About the ICC
Many European countries require the skipper of a pleasure craft to be able to provide evidence of his or her competence. In practice documentary evidence may seldom be inspected, but it is generally useful and in some countries essential to carry an ICC.
About the ICC
The International Certificate for Operators of Pleasure Craft (commonly referred to as the International Certificate of Competence - ICC) was originally created to facilitate pleasure navigation along the length of the rivers Rhine and Danube.
The evidence of competence required, differed for each of the countries the rivers pass through, which caused difficulties. The United Nations Economic Commission for Europe (UNECE) Inland Transport Committee Working Party on Inland Water Transport sought to find a solution.
The rules surrounding the issue of the ICC were initially detailed in UNECE ITC Resolution 14. This resolution has been superseded by an enhanced version, Resolution 40, which now regulates the ICC, stipulating who the ICC can be issued to, the syllabus requirements and the layout of the certificate.
The UK Government has accepted Resolution 40 and has authorised the RYA to issue the ICC on its behalf.
Validity of the ICC
An ICC is valid for 5 years from the date of issue.
If a boat owner requires evidence of competence when visiting another European country the ICC will frequently suffice. It can also be useful for people wishing to charter.
The ICC does not replace the need to comply with any manning requirements imposed by the country in which the boat is registered, wherever in the world the boat may be. Where evidence of competence is required by the country of registration, pleasure boaters must comply with the regulations of both the country of registration (the Flag State) and the requirements of the visited country (the Coastal State).
The ICC should be automatically accepted in countries which have adopted Resolution 40. However of the 56 UNECE countries, able to accept the resolution the UK is one of only a handful which have fully adopted Resolution 40. Many of the eligible countries have not accepted Resolution 40, some still apply Resolution 14 which Resolution 40 was intended to replace and others only apply Resolution 40 in part or with caveats attached.
The ICC is however a far more useful document than the Resolution’s formal acceptance would suggest. Although acceptance of the ICC by the visited country should be because the visited country itself has adopted Resolution 40, the ICC is sometimes recognised as an acceptable certificate in the visited country’s national legislation and is quite often accepted on a purely informal basis. Spain, Greece and Portugal, for example, have not adopted Resolution 40 but are still likely to ask visitors for an ICC.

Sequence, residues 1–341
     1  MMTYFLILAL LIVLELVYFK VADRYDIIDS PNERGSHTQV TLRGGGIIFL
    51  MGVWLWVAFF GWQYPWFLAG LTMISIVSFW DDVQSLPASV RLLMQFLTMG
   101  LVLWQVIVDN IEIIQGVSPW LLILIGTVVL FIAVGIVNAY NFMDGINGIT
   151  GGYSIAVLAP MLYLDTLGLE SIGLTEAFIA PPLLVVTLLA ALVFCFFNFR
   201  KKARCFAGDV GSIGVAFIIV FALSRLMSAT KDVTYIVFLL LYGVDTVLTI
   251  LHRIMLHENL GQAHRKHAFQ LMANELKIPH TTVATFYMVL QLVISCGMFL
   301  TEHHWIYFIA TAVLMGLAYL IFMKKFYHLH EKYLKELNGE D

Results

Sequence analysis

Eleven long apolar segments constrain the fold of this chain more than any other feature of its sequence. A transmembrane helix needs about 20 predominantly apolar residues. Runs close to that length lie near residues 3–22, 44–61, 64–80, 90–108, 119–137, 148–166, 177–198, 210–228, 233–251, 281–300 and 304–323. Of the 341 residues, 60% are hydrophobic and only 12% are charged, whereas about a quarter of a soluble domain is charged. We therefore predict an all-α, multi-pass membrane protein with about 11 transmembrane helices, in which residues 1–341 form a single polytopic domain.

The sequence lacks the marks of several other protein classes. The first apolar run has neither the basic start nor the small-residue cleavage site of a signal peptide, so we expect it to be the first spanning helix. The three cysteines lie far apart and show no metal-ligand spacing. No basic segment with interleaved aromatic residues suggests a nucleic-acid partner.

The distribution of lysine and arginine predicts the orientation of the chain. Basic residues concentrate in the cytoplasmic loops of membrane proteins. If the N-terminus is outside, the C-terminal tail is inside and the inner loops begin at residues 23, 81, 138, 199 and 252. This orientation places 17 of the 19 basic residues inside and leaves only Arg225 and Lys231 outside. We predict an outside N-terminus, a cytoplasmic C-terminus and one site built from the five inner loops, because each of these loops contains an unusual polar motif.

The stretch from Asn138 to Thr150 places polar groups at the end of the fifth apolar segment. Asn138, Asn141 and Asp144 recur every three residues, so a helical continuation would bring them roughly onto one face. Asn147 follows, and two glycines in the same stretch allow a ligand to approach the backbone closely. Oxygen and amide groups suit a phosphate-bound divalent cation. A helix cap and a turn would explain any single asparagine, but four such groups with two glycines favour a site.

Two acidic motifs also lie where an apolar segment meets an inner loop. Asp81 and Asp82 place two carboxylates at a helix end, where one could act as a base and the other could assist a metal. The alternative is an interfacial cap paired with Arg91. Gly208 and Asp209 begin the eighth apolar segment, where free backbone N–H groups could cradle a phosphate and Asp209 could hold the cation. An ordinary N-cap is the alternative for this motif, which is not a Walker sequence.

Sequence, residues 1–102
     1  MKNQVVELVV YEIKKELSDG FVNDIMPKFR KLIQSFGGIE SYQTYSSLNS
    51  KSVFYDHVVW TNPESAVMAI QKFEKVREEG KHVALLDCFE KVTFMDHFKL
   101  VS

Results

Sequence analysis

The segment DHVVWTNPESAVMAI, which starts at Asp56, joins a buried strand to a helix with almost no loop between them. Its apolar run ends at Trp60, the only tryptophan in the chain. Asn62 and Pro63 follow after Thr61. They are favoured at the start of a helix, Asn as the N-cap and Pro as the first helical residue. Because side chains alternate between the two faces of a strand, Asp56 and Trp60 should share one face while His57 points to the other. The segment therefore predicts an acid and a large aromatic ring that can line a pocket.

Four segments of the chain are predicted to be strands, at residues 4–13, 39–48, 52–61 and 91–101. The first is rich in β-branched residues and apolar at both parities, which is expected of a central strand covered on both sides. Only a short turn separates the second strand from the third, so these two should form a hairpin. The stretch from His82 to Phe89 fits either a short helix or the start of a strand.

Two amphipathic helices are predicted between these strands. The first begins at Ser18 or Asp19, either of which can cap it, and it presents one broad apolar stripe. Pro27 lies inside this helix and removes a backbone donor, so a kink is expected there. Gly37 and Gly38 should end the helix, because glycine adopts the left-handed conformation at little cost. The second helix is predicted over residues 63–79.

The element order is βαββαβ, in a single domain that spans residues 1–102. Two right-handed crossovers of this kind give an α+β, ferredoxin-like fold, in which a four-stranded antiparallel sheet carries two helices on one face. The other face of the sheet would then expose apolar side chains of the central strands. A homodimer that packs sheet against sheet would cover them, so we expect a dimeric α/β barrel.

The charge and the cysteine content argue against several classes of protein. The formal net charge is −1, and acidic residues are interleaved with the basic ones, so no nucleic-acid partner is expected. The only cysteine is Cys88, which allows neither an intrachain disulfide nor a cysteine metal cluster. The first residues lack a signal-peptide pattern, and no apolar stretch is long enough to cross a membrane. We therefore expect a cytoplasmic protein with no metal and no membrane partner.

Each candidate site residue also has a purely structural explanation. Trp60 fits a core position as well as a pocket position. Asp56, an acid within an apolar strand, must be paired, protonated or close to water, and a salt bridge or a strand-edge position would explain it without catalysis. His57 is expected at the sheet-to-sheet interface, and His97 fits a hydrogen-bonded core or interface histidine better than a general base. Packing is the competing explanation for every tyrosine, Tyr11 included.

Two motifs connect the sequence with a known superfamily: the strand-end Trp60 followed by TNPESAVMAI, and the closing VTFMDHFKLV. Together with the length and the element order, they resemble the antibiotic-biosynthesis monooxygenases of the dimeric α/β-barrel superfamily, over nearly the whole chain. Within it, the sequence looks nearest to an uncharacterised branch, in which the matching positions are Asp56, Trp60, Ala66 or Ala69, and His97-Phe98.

The ICC may be acceptable for visiting foreign flagged vessels, foreign flagged vessels being kept in the Coastal State and / or vessels flagged in the Coastal State. It should never be assumed that the ICC will be accepted as an alternative to the national qualification of the vessel's flag state. The onus is on ICC holders to determine its acceptability by foreign states, as the ICC was never intended to be an alternative to individual national qualification requirements.
The informal acceptance of the ICC by many of the EU countries has contributed to the common misconception that the ICC is of EU origin. The ICC is frequently but wrongly thought to be the boating equivalent of the EU driving licence for road vehicles, which all EU member states are obliged to accept.
An ICC allows the holder to voyage internationally but only where the country to be visited has chosen to accept it and subject to any prescriptions made by the visited country.
As the ICC’s validity is determined by the visited country it is not a truly international qualification. However, the ICC is the only international evidence of competence that exists for pleasure boaters in Europe and, through attendance at the UNECE in its role as Secretariat of the European Boating Association, the RYA continues to work to get the ICC more widely accepted in Europe.
This is also explained in the ICC the small print, which is sent out with ICC certificates to provide the certificate holder with information about how that certificate can be used.
ICC required or recommended
The requirement for evidence of competence varies from country to country. Sometimes it is required for coastal waters, sometimes for inland waters, sometimes for neither and sometimes for both.
In very general terms an ICC is required for the inland waterways of Europe and for inland and coastal waters of Mediterranean countries. For the coastal waters of Northern Europe the ICC is generally not required, however to all of these generalisations there are exceptions.
Further information can be found on the Evidence of Competence Abroad page. RYA members will find more specific information in the individual country pages.
Note: where proof of competence is required under the Merchant Shipping Regulations i.e. UK pleasure vessels exceeding both 80 GT and 24m (load line) length (see Merchant Shipping Notice (MSN) 1802) and for any vessel which is used for commercial purposes, the ICC is insufficient and it must be supported by the requisite certificate of competence.
If your vessel is registered in one of the Crown Dependencies, you will need to comply with the regulations applied by that Dependency’s administration, which may differ.
Applying for an ICC including:
Evidence of Competence
Boating Inland and CEVNI
Renewing an ICC
Arranging an ICC Assessment
Arranging a CEVNI test
Article Published: May 19, 2009 13:20
Article Updated: February 25, 2014 16:40